Donald Chaffee, father of Roger, talks heartbreakingly of learning that his son died in a fire on the launchpad in Apollo 1, along with Gus Grissom and Ed White.
This episode goes up to Apollo 8, which was the first Apollo mission to leave Earth Orbit and travel to the moon, although it was not intended to make a landing. There’s footage of the BBC coverage, including Cliff Michelmore.
Even Sir Bernard Lovell, director of the Jodrell Bank observatory
It’s nice to see Gene Kranz, one of the central figures in Apollo 13, my favourite movie. I love Apollo 13 so much that I even cry watching the behind the scenes documentary on the DVD. In particular, there’s a scene where Gene Kranz is talking about the moment they regained the signal to the command module as it reentered the atmosphere, not knowing if the heatshield was still intact, and so whether the craft would burn up during reentry. His voice breaks a little as he talks, and he brushes away a manly tear, a moment that Ed Harris captures in his performance, and it never fails to set me off.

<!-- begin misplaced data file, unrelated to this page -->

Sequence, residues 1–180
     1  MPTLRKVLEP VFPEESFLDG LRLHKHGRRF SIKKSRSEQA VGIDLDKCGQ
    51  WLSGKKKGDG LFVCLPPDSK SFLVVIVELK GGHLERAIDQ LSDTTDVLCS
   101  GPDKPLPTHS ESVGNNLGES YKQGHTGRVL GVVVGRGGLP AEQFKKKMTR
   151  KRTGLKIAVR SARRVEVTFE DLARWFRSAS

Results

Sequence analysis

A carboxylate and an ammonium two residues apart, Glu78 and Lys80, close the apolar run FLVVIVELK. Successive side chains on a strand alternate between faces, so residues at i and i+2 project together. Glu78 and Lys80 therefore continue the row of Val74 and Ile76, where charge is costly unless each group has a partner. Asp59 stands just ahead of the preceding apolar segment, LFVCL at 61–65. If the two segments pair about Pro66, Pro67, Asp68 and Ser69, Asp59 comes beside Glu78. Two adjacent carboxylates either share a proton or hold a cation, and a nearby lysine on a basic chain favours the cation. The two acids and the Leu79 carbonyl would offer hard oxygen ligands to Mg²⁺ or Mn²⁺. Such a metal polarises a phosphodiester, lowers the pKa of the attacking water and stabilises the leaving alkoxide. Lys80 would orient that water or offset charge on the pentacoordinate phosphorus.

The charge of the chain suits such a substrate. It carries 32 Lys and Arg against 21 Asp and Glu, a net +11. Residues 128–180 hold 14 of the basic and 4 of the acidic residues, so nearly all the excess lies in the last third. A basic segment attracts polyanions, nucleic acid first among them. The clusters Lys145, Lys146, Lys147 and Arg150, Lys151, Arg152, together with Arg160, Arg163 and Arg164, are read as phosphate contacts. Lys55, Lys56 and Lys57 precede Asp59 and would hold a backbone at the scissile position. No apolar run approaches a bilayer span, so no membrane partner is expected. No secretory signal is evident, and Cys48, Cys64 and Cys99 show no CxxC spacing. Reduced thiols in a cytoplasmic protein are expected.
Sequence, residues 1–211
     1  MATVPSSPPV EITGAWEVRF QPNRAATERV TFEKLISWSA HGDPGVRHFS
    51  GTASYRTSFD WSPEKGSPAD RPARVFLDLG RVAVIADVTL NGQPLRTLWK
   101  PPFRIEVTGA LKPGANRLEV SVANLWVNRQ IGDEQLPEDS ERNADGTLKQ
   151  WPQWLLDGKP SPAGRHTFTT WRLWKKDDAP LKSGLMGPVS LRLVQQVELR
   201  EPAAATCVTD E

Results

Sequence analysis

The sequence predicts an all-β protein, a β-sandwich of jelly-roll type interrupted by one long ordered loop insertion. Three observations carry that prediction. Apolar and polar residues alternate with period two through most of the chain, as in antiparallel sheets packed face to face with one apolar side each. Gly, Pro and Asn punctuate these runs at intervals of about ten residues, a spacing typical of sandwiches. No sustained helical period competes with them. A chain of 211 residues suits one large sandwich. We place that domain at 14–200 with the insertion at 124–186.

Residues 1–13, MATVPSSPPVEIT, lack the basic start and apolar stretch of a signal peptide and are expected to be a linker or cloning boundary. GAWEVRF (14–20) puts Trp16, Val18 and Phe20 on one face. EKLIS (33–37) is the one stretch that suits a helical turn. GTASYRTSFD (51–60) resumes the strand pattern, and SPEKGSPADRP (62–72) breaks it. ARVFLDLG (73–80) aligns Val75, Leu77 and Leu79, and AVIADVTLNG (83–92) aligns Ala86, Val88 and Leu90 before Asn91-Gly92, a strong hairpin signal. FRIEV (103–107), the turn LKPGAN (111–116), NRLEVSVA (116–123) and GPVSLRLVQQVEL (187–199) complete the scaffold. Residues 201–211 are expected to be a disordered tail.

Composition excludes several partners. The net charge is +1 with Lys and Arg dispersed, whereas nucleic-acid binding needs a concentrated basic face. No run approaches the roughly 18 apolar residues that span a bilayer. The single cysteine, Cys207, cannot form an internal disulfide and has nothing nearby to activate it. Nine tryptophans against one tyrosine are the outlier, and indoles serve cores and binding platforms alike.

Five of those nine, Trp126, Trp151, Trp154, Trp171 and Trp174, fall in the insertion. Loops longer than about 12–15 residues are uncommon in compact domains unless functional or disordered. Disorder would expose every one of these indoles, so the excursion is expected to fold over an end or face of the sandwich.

The episode ends with the crew of Apollo 8 reading a passage from the bible, as their footage of Earthrise over the moon’s horizon plays, an astonishing image at the time, but perhaps one we’ve grown so used to seeing that its impact is diminished.
BBC Genome: BBC Two – 28th June 1994 – 21:30
After this, recording continues with a trailer for Heretic. And for Wimbledon Tennis.
Then there’s a short programme looking at finalists for the BBC Design Awards, presented by Muriel Gray.
The finalists in this programme are a Basic Thermos Flask
A Flashcard Torch
and a wetsuit.
BBC Genome: BBC Two – 28th June 1994 – 22:20
There’s a trailer for State of the Ark. Then an episode of Video Nation featuring Teresa Carden, a school supervisor from Liverpool.
Then, a whole episode of Newsnight, featuring Hospital league tables, and a profile of John Prescott.
BBC Genome: BBC Two – 28th June 1994 – 22:30
After this, there’s a trailer for Room 101, and for Monty Python’s Flying Circus.
Then, the tape runs out during Face to Face in which Jeremy Isaacs interviews Jeanette Winterson, then a hot writer following the success of the TV adaptation of Oranges are Not the Only Fruit. There’s about 35 minutes of this interview, which is very interesting.
- Craftmatic Adjustable Bed
- trail: Chaplin